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Title: Comparative life history patterns of female gorillas
Abstract Objectives

Several theories have been proposed to explain the impact of ecological conditions on differences in life history variables within and between species. Here we compare female life history parameters of one western lowland gorilla population(Gorilla gorilla gorilla) and two mountain gorilla populations(Gorilla beringei beringei).

Materials and Methods

We compared the age of natal dispersal, age of first birth, interbirth interval, and birth rates using long‐term demographic datasets from Mbeli Bai (western gorillas), Bwindi Impenetrable National Park and the Virunga Massif (mountain gorillas).

Results

The Mbeli western gorillas had the latest age at first birth, longest interbirth interval, and slowest surviving birth rate compared to the Virunga mountain gorillas. Bwindi mountain gorillas were intermediate in their life history patterns.

Discussion

These patterns are consistent with differences in feeding ecology across sites. However, it is not possible to determine the evolutionary mechanisms responsible for these differences, whether a consequence of genetic adaptation to fluctuating food supplies (“ecological risk aversion hypothesis”) or phenotypic plasticity in response to the abundance of food (“energy balance hypothesis”). Our results do not seem consistent with the extrinsic mortality risks at each site, but current conditions for mountain gorillas are unlikely to match their evolutionary history. Not all traits fell along the expected fast‐slow continuum, which illustrates that they can vary independently from each other (“modularity model”). Thus, the life history traits of each gorilla population may reflect a complex interplay of multiple ecological influences that are operating through both genetic adaptations and phenotypic plasticity.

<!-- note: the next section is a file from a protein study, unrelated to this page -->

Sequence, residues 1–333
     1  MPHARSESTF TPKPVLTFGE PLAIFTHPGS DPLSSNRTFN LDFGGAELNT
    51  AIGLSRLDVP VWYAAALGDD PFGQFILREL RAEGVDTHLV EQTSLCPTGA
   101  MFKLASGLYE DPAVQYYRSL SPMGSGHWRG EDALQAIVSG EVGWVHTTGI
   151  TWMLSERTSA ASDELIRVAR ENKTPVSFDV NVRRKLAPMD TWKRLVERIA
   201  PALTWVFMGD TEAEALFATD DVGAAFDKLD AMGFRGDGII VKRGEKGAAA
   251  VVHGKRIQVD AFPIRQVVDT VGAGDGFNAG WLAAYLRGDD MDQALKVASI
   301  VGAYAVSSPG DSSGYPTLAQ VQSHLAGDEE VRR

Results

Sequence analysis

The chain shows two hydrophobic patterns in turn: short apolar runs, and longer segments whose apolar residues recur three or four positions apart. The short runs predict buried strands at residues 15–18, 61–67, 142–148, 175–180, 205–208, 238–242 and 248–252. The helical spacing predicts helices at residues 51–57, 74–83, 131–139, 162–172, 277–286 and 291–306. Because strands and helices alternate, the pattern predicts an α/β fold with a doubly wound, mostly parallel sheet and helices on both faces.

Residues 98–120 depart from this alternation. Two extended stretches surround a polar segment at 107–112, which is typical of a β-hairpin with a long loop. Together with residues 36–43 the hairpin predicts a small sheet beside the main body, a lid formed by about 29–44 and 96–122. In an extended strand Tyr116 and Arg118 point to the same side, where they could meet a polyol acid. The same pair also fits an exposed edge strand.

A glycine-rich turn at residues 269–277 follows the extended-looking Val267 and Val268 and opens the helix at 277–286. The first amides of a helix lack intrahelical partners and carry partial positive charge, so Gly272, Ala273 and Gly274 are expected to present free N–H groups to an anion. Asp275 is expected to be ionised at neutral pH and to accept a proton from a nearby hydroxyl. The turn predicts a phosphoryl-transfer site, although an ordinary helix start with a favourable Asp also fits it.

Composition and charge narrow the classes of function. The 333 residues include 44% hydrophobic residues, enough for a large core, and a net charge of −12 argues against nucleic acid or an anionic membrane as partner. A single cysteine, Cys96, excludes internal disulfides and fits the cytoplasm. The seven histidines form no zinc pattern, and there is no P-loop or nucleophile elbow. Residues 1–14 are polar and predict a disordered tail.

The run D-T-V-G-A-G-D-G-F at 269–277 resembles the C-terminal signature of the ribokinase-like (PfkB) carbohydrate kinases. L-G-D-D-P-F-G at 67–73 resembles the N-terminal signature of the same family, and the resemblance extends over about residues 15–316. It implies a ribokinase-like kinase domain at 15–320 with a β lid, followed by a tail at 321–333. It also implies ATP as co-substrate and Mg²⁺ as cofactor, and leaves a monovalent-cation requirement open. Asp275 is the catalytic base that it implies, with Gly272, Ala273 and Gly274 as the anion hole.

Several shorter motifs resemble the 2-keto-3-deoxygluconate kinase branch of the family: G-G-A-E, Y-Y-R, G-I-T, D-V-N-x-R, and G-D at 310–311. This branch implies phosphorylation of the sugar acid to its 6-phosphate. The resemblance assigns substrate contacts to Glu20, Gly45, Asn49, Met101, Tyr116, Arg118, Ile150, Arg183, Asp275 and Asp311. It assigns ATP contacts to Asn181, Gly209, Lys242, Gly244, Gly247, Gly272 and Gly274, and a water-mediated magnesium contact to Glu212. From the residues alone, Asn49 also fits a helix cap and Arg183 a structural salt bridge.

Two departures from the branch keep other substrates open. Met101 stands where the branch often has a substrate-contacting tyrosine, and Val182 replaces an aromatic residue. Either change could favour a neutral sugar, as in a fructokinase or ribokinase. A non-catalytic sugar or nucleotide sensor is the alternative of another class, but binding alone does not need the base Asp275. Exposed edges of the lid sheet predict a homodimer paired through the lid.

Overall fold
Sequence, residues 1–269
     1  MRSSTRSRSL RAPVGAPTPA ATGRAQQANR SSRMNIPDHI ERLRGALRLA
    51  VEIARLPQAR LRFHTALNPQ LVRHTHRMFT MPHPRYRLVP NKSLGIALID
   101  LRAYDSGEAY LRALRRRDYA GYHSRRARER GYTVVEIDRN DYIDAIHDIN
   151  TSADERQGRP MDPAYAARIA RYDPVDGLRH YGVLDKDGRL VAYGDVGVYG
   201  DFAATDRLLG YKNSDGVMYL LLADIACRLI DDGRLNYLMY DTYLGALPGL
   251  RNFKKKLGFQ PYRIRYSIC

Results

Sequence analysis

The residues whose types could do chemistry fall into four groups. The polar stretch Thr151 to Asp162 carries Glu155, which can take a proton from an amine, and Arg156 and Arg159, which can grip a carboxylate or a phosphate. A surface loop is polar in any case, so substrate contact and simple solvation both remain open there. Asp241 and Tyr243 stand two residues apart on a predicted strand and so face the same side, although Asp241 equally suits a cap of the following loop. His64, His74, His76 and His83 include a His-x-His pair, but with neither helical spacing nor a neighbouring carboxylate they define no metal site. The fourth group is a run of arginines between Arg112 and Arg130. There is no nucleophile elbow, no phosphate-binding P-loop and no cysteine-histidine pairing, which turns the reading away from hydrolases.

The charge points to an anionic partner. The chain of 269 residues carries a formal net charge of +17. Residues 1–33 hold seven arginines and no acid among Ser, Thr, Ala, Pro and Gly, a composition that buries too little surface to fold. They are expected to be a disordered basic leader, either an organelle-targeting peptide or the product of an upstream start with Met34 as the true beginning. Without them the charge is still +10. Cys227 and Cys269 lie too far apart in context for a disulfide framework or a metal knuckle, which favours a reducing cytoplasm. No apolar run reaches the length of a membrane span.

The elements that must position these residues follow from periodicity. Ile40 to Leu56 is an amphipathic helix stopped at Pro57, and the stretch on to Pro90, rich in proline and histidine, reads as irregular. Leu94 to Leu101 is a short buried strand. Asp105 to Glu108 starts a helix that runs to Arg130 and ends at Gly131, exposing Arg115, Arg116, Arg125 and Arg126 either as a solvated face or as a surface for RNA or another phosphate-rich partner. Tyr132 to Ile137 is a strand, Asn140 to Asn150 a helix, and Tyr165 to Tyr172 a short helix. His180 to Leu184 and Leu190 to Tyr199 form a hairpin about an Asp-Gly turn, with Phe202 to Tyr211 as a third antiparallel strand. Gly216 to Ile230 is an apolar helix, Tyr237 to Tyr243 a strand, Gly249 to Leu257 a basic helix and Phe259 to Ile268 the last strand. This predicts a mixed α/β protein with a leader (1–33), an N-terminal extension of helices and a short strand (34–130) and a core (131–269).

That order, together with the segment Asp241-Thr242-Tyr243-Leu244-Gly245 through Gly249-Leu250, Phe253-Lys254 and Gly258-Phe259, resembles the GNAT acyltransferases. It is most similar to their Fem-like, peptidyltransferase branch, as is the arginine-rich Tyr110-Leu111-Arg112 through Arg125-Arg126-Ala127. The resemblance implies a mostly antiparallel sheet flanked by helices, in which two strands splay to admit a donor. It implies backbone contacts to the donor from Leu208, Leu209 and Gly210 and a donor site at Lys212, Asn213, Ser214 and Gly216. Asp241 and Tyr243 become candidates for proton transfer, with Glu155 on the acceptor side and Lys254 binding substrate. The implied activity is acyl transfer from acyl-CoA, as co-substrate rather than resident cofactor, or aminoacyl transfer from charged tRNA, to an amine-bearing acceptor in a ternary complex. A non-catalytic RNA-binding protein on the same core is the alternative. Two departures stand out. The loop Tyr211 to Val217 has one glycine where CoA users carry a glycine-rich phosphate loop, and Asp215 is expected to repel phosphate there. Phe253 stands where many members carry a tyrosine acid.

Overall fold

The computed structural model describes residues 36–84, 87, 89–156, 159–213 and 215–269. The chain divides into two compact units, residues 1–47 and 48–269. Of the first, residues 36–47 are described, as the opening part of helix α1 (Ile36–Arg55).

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Award ID(s):
1753651
NSF-PAR ID:
10434084
Author(s) / Creator(s):
 ;  ;  ;  ;  ;  ;  ;  ;  ;  ;  ;  ;  ;  
Publisher / Repository:
Wiley Blackwell (John Wiley & Sons)
Date Published:
Journal Name:
American Journal of Biological Anthropology
Volume:
181
Issue:
4
ISSN:
2692-7691
Page Range / eLocation ID:
p. 564-574
Format(s):
Medium: X
Sponsoring Org:
National Science Foundation
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